By Leroy Douresseaux
May 16, 2009 - 11:51
|Animal Academy Volume 1 cover image is courtesy of Anime Castle Books.|
Fantasy; Rated “Y” for “Teen-Age 10+”
Neko Fukuta had not been accepted to any high schools because, she believed, she was a horrible student. Then, she finds herself enrolled at the mysterious high school, Morimori Academy, which turns out to be a secret school for animal-human shape shifters. Neko pretends to be able to transform into a cat, like her roommate, Miiko Suzuhara, who nicknames Neko, Fune. Will Fune be able to keep her humanity a secret from everyone?
In Animal Academy: Hakobune Hakusho, Vol. 1, Fune’s new friend, Miiko guides her through the forest to the hidden campus of Morimori High School. The administration, however, rescinds its admissions offer because Fune is not a shape shifter. After finally convincing them to admit her to the school, Fune settles in with her new roommate, Miiko, but soon experiences the cat girl’s odd behavior, including her dislike of Fune getting close to anyone else. Then, Fune meets, Yuichi Takuma, another student who claims to be a human…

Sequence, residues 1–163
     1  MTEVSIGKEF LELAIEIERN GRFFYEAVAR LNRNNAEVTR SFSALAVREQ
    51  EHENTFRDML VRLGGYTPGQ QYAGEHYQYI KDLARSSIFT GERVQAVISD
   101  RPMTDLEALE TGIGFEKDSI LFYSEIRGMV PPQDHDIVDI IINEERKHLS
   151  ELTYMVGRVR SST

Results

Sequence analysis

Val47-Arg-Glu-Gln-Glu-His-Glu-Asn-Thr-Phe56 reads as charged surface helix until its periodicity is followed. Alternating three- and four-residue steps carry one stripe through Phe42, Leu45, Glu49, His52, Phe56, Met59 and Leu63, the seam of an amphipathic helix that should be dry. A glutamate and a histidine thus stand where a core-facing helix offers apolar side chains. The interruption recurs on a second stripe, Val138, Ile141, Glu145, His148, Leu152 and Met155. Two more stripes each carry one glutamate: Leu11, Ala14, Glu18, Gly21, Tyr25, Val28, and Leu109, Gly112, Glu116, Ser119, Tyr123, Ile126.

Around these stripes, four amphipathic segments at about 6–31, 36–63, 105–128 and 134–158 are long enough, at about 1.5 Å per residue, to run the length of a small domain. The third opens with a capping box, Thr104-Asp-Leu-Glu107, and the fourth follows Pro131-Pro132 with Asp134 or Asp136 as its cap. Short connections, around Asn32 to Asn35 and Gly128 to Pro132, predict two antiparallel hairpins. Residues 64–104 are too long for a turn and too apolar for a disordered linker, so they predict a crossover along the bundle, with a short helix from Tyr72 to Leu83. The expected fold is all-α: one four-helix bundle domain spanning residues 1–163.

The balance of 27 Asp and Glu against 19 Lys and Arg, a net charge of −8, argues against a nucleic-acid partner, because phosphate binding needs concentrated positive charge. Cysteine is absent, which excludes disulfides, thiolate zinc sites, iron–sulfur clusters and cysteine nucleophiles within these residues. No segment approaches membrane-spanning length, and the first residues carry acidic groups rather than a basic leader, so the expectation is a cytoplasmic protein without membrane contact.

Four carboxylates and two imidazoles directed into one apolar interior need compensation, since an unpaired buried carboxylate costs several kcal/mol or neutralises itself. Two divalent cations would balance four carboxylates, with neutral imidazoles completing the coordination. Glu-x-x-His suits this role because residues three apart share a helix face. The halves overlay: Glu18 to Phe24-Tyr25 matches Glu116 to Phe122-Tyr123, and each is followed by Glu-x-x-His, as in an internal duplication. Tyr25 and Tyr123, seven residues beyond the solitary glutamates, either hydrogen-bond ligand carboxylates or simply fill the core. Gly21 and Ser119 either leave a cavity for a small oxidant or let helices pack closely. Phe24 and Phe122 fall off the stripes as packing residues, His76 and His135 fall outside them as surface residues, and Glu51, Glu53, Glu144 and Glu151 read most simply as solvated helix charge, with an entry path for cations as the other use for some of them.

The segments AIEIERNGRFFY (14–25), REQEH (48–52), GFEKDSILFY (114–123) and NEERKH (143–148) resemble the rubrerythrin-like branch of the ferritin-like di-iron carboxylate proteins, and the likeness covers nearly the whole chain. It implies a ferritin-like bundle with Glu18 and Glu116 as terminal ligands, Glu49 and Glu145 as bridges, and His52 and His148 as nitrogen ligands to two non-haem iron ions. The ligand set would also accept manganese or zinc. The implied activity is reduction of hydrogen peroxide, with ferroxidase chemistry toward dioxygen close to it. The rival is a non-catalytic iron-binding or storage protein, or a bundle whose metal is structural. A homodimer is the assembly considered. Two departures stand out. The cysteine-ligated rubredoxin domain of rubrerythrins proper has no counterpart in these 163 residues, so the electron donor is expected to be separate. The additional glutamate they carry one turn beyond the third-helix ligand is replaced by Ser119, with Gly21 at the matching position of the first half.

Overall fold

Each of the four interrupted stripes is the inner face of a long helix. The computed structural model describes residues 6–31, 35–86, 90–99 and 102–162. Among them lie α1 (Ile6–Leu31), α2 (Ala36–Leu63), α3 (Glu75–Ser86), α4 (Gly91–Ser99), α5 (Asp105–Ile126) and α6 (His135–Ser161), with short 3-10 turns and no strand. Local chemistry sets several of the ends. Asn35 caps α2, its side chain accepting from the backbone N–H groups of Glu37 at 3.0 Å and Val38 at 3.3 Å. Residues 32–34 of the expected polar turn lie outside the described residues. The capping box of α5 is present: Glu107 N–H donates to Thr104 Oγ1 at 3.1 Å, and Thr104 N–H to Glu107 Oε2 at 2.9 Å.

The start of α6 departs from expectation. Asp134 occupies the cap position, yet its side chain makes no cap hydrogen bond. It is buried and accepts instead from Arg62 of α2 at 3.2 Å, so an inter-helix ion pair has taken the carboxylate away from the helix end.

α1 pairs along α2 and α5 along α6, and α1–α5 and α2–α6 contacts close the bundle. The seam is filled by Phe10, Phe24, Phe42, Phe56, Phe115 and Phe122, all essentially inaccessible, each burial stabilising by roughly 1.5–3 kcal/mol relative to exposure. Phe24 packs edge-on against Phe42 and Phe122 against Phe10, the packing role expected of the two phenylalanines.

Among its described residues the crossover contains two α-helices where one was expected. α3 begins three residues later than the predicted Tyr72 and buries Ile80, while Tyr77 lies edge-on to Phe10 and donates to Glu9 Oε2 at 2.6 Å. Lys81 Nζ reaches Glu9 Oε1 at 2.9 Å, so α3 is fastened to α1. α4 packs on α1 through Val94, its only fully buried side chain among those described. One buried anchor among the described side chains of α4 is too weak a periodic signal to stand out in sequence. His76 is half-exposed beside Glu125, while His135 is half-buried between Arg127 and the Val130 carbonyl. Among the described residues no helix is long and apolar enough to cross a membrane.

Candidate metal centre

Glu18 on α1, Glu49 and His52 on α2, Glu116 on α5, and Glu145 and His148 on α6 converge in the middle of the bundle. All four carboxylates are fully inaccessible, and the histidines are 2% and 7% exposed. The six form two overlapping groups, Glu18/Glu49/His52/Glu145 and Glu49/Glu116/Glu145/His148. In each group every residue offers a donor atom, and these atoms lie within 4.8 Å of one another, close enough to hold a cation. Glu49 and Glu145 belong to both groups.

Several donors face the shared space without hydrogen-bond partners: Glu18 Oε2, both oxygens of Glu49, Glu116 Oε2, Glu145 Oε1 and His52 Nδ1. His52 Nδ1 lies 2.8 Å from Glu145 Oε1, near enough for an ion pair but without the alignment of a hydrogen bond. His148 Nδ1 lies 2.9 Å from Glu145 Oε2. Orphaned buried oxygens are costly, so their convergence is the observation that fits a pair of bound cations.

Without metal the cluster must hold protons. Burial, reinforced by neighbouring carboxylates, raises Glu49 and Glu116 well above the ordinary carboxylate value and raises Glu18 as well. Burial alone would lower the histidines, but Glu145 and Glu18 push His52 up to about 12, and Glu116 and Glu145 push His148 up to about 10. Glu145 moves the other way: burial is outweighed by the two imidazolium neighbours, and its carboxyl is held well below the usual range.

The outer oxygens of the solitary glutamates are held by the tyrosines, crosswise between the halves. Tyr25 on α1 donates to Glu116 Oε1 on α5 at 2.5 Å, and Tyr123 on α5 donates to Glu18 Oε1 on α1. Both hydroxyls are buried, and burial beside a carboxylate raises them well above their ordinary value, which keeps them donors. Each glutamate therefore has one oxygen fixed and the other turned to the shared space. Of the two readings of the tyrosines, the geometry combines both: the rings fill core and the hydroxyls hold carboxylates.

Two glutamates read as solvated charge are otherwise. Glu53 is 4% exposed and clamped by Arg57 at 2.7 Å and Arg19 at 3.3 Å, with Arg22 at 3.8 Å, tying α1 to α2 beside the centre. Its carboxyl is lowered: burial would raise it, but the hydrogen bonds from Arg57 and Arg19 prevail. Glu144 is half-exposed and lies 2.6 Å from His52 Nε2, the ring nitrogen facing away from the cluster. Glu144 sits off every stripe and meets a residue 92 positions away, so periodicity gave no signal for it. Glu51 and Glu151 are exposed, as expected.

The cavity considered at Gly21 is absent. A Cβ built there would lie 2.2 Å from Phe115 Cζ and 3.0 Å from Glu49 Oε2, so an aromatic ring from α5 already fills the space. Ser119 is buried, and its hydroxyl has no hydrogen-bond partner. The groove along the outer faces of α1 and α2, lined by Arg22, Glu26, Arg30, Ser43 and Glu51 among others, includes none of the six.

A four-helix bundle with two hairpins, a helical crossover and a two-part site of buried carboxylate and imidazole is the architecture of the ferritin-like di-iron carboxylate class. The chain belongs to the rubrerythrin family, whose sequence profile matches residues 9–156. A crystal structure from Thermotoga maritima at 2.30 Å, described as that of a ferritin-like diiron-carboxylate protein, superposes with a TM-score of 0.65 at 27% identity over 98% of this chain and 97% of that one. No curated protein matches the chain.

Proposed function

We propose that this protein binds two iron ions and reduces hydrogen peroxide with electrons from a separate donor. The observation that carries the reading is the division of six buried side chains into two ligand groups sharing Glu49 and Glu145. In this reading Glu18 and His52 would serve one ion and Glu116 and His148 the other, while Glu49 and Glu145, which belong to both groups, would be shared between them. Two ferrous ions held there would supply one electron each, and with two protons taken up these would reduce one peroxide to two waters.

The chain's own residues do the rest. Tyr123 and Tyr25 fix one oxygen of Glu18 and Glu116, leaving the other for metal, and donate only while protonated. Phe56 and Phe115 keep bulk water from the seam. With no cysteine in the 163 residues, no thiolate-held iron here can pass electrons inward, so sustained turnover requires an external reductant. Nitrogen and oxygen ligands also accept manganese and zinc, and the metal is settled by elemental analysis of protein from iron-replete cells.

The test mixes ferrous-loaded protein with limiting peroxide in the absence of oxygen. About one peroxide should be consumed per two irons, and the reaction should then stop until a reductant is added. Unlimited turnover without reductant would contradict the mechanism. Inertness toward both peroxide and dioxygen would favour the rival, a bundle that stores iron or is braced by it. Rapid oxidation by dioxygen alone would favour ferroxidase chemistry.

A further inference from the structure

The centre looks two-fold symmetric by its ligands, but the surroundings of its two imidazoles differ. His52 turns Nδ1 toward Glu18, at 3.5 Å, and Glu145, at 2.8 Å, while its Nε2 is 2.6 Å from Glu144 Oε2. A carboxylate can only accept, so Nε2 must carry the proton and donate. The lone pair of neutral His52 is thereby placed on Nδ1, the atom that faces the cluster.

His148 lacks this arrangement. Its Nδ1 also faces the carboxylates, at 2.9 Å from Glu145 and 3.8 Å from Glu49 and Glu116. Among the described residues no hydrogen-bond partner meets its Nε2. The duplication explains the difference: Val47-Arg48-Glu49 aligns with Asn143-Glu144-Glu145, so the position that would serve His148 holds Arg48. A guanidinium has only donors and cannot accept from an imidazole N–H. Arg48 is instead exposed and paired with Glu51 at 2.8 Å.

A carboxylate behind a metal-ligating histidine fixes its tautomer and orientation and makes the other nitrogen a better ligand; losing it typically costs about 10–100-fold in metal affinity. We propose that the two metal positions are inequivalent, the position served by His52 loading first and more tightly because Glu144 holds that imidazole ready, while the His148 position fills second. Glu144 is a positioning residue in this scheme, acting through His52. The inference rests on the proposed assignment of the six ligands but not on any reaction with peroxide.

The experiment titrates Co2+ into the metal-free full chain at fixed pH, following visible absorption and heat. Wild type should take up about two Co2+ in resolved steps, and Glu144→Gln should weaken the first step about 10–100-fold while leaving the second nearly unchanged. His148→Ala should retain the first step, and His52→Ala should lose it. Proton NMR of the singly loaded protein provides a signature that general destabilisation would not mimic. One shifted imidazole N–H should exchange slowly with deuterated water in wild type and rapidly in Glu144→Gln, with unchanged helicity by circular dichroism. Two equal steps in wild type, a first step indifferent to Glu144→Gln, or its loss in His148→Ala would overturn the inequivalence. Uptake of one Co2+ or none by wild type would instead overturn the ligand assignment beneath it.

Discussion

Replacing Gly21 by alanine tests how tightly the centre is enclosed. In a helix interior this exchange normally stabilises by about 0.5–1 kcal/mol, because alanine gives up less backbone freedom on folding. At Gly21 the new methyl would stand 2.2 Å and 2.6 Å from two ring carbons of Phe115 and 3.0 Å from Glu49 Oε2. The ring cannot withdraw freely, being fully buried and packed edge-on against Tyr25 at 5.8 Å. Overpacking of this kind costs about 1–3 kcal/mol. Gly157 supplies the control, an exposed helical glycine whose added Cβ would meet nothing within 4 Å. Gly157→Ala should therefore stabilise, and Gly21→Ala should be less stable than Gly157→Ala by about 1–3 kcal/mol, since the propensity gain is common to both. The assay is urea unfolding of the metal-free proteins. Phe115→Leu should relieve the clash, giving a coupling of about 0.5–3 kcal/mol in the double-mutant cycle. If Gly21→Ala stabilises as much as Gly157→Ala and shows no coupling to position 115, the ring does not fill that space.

THE LOWDOWN: A sweet-natured, juvenile fantasy, Animal Academy seeks to carry the reader’s mind away on a flight of fancy. Reading it is like lying in the grass on a summer day and staring into the sky at the fluffy clouds, as your mind drifts away to make-believe places. In fact, Morimori Academy is a fantasy wonderland like Peter Pan’s Neverland or Dorothy’s Oz. Creator Moyamu Fujino’s art also evokes the spirit of the films of Hayao Miyazaki, especially Spirited Away. In fact, the setting for Animal Academy could be right out of a Miyazaki film, which makes this kodomo fantasy an enchanting read.
POSSIBLE AUDIENCE: While it could be categorized at kodomo manga (comics for children), Animal Academy: Hakobune Hakusho has shojo manga (comics for teen girls) elements that may appeal to older readers.